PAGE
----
A story has many elements. One of them is the plot, which provides the basis for the events and situations that occur, determines how they are structured, and holds everything together. It explains why characters behave the way they do.
A plot’s structure basically consists of the following:
a. Exposition introduces the characters, setting, and other facts needed to understand the story.
b. Conflict, or rising action, builds tension and leads up to the climax.
c. The climax is the turning point of the story. It is the high point for the reader and often results from a crisis.
d. Falling action occurs after the climax, when the events come together to explain what went on.
e. Resolution, or denouement, is the final outcome of the conflict and climax. Loose ends get tied up and the reader should feel satisfied that the story is complete. They may not like the ending, but it must be believable based on the circumstances the characters faced.
The structure of the plot varies with the needs of the story. Some may start with lots of exposition and build to the climax; others may start with the conflict and weave in the exposition. The climax tends to be close to the end of the story since everything after it ties together the events that led up to that point.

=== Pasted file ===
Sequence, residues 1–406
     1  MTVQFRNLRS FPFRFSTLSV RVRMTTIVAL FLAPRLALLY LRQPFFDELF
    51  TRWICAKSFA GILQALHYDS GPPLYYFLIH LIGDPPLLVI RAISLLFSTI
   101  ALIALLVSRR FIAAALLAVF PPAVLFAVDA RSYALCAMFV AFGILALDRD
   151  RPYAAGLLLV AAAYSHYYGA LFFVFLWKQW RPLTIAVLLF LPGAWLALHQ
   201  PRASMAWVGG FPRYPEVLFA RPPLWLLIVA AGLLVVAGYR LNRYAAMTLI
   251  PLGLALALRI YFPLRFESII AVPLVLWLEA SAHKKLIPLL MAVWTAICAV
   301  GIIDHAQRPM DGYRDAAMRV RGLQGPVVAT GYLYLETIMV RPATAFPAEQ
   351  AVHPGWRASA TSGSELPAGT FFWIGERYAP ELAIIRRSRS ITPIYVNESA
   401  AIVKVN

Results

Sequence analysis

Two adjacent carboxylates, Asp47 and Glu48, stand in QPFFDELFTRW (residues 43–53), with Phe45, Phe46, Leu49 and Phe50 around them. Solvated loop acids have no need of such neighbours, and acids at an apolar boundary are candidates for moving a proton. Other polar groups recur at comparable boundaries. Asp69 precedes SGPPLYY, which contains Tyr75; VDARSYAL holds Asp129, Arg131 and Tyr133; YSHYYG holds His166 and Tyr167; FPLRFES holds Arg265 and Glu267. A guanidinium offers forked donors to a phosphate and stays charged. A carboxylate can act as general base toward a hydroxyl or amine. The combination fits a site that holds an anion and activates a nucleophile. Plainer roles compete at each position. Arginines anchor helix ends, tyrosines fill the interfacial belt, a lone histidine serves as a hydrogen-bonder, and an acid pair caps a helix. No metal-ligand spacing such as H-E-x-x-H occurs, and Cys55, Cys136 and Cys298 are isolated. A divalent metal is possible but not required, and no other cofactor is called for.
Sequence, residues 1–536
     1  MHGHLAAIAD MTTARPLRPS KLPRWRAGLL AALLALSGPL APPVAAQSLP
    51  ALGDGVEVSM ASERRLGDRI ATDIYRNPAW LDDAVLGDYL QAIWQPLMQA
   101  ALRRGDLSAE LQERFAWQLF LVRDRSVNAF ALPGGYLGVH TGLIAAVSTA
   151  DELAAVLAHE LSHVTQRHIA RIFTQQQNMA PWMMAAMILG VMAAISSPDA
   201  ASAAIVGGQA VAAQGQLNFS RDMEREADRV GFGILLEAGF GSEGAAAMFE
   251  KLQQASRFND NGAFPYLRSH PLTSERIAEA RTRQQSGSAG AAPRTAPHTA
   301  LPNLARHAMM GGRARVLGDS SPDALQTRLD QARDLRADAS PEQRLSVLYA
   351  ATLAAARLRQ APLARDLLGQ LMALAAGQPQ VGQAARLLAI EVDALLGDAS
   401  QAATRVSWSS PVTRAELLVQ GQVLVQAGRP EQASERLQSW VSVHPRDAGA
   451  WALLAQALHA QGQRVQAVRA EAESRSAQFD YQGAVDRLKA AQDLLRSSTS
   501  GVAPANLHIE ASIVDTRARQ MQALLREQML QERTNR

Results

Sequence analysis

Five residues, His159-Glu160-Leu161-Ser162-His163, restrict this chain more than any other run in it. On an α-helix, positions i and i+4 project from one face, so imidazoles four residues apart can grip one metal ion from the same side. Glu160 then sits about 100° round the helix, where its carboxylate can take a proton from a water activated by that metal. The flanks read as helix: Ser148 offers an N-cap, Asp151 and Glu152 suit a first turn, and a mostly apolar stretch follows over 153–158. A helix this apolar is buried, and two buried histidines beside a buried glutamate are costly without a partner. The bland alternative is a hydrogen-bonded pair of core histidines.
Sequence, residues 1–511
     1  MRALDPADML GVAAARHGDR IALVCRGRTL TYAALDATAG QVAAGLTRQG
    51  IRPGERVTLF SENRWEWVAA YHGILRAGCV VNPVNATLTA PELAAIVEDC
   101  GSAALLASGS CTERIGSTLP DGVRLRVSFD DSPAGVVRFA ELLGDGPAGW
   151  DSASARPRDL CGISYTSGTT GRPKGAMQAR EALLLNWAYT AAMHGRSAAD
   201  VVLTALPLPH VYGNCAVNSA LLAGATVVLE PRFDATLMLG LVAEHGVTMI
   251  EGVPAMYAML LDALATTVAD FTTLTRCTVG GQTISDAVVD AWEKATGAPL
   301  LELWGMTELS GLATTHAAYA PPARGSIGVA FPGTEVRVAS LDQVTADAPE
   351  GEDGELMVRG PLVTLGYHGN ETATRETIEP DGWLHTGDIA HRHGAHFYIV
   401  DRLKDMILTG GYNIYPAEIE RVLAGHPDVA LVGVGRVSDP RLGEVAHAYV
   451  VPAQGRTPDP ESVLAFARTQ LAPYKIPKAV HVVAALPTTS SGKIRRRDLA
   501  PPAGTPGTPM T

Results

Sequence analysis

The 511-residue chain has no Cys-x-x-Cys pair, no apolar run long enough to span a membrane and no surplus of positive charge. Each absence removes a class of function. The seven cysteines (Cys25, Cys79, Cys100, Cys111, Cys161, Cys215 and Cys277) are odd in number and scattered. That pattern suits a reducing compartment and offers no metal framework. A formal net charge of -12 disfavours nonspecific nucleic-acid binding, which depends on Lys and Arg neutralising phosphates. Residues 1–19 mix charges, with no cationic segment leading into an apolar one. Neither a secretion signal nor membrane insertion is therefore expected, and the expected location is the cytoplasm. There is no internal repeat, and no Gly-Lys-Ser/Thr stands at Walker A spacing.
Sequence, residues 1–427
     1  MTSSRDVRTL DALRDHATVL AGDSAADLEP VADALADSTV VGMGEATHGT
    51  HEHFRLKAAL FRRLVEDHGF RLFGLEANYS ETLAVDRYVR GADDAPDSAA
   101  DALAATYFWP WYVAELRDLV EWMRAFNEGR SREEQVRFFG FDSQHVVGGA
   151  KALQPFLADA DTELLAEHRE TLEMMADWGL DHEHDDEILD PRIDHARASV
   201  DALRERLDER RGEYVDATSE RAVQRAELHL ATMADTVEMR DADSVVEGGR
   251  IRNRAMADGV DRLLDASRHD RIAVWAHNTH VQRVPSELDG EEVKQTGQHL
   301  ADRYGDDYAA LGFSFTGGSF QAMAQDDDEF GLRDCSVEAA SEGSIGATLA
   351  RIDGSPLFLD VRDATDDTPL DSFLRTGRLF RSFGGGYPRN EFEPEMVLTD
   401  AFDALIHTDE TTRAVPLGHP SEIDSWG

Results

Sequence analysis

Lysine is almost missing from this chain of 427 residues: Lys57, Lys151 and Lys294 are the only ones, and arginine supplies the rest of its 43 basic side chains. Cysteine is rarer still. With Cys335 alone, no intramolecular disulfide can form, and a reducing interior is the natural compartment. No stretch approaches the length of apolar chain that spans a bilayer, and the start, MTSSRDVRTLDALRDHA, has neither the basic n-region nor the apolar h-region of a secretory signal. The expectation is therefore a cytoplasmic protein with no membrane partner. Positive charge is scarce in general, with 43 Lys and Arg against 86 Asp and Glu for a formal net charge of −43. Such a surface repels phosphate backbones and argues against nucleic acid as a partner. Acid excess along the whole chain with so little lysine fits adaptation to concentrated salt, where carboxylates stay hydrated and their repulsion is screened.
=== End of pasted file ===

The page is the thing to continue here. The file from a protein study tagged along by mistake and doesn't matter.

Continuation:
Although there are probably an infinite number of stories we could write, there are not an infinite number of plots. No matter how unique we think our writing is, there are other stories that use similar ideas. Here are a few sites that list common types of plots:
http://midwestwg.com/plots20.htm A list of 20 basic plots
http://www.strangehorizons.com/guidelines/fiction-common.shtml Plots (non-horror) Strange Horizons has seen too often; they have a separate list for horror stories.
http://www.writingforward.com/creative-writing/fiction-writing/character-fiction-writing General plot categories
Edit July 21, 2010: Editor Lynn Price gave a good explanation of exposition, rising action, climax, falling action, and denoument on her blog yesterday: http://behlerblog.wordpress.com/2010/07/20/the-basics/
What type of plot do you enjoy most—adventure, quest, rags-to-riches, or something else? Do you like for the plot to drive the story, or prefer those where character development is the main focus?